Reverse Osmosis: Design, Processes, and Applications for Engineers by Jane Kucera, ISBN-13: 978-0470618431


Reverse Osmosis: Design, Processes, and Applications for Engineers by Jane Kucera, ISBN-13: 978-0470618431

[PDF eBook eTextbook]

  • Publisher: ‎ Wiley-Scrivener; 1st edition (April 5, 2010)
  • Language: ‎ English
  • 416 pages
  • ISBN-10: ‎ 0470618434
  • ISBN-13: ‎ 978-0470618431

The most comprehensive and up-to-date coverage of reverse osmosis in industrial applications.

Reverse osmosis is rapidly growing as a water treatment technology used for many applications, such as boiler feed water and recovering wastewater for reuse. This “green” technology is becoming more and more widely used in many settings, especially in industry. Even as the technology becomes more widespread, the understanding of the technology is lagging behind. Reverse Osmosis provides an essential reference for any process or chemical engineer working with this emergent technology.

This outstanding reference:

  • Provides a comprehensive and thorough coverage of reverse osmosis technology
  • Discusses fundamental processes and equipment for operating and troubleshooting a reverse osmosis system, such as reverse osmosis principles, membrane technology, and flow patterns
  • Covers more advanced engineering topics for specific industrial applications, such as system design
  • Features clear, concise language written in easy-to-understand language, providing engineers immediate ability to implement a reverse osmosis program

Table of Contents:


1. Introduction and History of Development.

1.1. Uses of Reverse Osmosis.

1.2. History of Reverse Osmosis Development.

2. Reverse Osmosis Principles.

2.1. Osmosis.

2.2. Reverse Osmosis.

2.3. Dead-End Filtration.

2.4. Cross-Flow Filtration.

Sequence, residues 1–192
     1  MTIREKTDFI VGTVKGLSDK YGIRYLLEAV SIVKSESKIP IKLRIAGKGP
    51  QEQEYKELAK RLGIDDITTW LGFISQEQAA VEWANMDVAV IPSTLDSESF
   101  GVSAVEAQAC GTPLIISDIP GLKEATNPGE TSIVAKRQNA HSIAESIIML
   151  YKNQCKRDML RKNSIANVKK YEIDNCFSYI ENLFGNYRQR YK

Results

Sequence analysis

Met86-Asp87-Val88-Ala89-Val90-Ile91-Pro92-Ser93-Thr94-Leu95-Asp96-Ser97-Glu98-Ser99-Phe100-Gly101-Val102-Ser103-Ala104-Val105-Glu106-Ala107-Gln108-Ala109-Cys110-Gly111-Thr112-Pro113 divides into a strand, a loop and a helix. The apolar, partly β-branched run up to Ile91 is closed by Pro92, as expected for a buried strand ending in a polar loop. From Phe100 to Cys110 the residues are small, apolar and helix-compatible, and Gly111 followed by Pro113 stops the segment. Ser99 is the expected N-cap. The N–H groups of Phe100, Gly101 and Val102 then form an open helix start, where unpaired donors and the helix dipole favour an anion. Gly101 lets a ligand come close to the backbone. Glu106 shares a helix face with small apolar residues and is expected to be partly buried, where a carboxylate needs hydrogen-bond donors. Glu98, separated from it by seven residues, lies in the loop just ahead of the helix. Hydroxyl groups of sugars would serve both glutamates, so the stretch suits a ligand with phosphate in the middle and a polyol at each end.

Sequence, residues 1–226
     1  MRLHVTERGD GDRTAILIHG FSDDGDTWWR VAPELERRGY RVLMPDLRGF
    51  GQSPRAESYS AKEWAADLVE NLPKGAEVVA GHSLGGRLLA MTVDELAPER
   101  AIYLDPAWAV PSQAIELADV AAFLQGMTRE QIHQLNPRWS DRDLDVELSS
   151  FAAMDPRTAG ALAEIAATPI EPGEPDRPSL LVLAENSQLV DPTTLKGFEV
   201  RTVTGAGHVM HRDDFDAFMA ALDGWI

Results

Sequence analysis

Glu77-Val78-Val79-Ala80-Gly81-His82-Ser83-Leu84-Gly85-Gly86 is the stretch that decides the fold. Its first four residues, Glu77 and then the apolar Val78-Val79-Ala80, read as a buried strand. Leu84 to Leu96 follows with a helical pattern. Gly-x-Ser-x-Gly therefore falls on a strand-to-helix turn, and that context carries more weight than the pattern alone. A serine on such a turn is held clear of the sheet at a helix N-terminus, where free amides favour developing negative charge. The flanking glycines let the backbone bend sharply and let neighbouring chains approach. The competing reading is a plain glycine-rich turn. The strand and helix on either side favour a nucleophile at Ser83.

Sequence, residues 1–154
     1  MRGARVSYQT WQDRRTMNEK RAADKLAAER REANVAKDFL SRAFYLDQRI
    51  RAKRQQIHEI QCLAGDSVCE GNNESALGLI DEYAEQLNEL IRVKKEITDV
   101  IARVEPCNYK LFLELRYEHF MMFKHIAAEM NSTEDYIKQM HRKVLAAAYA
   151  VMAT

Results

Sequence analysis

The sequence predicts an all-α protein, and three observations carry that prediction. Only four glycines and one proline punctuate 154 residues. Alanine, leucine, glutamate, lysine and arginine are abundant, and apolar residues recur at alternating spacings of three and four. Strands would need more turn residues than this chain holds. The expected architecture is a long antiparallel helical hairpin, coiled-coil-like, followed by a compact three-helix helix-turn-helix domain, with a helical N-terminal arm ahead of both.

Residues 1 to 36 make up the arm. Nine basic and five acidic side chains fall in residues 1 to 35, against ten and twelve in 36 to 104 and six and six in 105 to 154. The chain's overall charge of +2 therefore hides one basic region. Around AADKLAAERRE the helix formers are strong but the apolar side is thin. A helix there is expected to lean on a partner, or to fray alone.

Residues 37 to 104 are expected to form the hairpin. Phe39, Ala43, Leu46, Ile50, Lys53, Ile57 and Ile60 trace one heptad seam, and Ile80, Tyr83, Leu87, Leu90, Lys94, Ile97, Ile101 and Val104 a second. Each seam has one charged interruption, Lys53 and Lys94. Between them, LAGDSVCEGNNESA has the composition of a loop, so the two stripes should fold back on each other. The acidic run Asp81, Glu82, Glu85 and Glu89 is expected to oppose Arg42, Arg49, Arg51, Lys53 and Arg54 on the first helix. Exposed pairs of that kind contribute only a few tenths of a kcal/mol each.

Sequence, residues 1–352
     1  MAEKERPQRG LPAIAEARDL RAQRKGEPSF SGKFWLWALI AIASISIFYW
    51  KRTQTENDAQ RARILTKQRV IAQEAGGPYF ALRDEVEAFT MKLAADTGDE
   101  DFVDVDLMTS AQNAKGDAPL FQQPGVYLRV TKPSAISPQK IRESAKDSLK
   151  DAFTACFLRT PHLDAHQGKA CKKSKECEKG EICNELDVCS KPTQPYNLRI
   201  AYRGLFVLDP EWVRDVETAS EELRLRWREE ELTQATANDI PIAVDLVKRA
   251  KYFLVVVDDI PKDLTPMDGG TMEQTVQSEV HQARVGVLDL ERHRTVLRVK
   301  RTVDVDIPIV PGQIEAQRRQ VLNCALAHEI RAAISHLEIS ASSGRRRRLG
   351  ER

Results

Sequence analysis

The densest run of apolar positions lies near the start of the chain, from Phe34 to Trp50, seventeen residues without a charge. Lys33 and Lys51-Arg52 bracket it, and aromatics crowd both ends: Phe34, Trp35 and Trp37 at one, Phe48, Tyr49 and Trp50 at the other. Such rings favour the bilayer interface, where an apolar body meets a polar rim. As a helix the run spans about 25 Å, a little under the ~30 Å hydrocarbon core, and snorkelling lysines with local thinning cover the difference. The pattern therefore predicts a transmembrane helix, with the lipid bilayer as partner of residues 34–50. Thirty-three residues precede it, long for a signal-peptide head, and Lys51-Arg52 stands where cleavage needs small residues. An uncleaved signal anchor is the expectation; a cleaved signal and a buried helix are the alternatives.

3. Basic Terms and Definitions.

3.1. RO System Flow Rating.

3.2. Recovery.

3.3. Rejection.

3.4. Flux.

3.5. Concentration Polarization.

3.6. Beta.

3.7. Fouling.

3.8. Scaling.

3.9. Silt Density Index (SDI).

3.10. Langelier Saturation Index (LSI).

4. Membranes.

4.1. Transport Models.

4.2. Materials.

4.3. Modules.

4.4. Commercially-Available Membranes.

5. Basic Flow Patterns.

5.1. Arrays.

5.2. Recycle.

5.3. Double Pass.

5.4. Multiple Trains.

6. Reverse Osmosis Skid–with contributions by Mark Sadus.

6.1. Cartridge Filters.

6.2. Feed Pumps.

6.3. Manifolding–Materials of Construction.

6.4. Instrumentation.

6.5. Controls.

6.6. Data Acquisition and Management.

6.7. Auxiliary Equipment.


7. Water Quality Guidelines.

8. Techniques and Technologies.

8.1. Mechanical Pretreatment.

8.2. Chemical Pretreatment.

8.3. Combination Mechanical Plus Chemical Treatments.

8.4. Sequencing of Pretreatment Technologies.


9. Design Considerations.

9.1. Feed Water Quality.

9.2. Temperature.

9.3. Pressure.

9.4. Feed Water Flow.

9.5. Concentrate Flow.

9.6. Beta.

9.7. Recovery.

9.8. pH.

9.9. Flux.

10. RO Design and Design Software.

10.1. ROSA–Dow Water and Process Solutions.

10.2. TorayDS–Toray Membrane USA.

10.3. IMS Design–Hydranautics.

10.4. ROPro–Koch.


11. On-Line Operations.

11.1. Performance Monitoring.

11.2. Data Collection.

11.3. Data Analysis and Normalization.

11.4. Preventative Maintenance.

12. Performance Degradation.

12.1. Normalized Permeate Flow.

12.2. Normalized Salt Rejection.

12.3. Normalized Differential Pressure.

13. Off-Line Operations.

13.1. System Flush.

13.2. Cleaning.

13.3. Lay-Up.


14. Troubleshooting.

14.1. Mechanical Evaluation.

14.2. General Performance Issues.

14.3. Performance Projections.

14.4. Data Assessment.

14.5. Water Sampling.

14.6. Membrane Integrity Testing.

14.7. Profiling and Probing.

14.8. Membrane Autopsy.


15. Issues Concerning System Engineering.

15.1. Water Softening.

15.2. Sizing and Capacity.

15.3. Membrane Cleaning: On-Site versus Off-Site.

15.4. Reject Disposal Options.

16. Impact of Other Membrane Technologies.

16.1. Microfiltration and Ultrafiltration.

16.2. Nanofiltration.

16.3. Continuous Electrodeionization.

16.4. HERO™.


17. Frequently Asked Questions.

17.1. General.

17.2. Operational.

17.3. Equipment.

Jane Kucera has a degree in chemical engineering from UCLA and is a chemical engineer with 25 years experience in the area of membrane technology. Jane began her work with membranes in the Seawater Laboratory at UCLA where she received her Master of Chemical Engineering degree in 1984. She worked for 7 years with Bend Research, where she worked on water re-use systems for the International Space Station. Ms. Kucera’s subsequent career path is a “who’s who” of the world’s most respected companies working in water treatment, including GE and Siemens. She joined the Nalco Company in 2003, where she is a senior engineer with a variety of responsibilities. She has approximately 40 publications to her credit, including journal articles, presentations, and book chapters.

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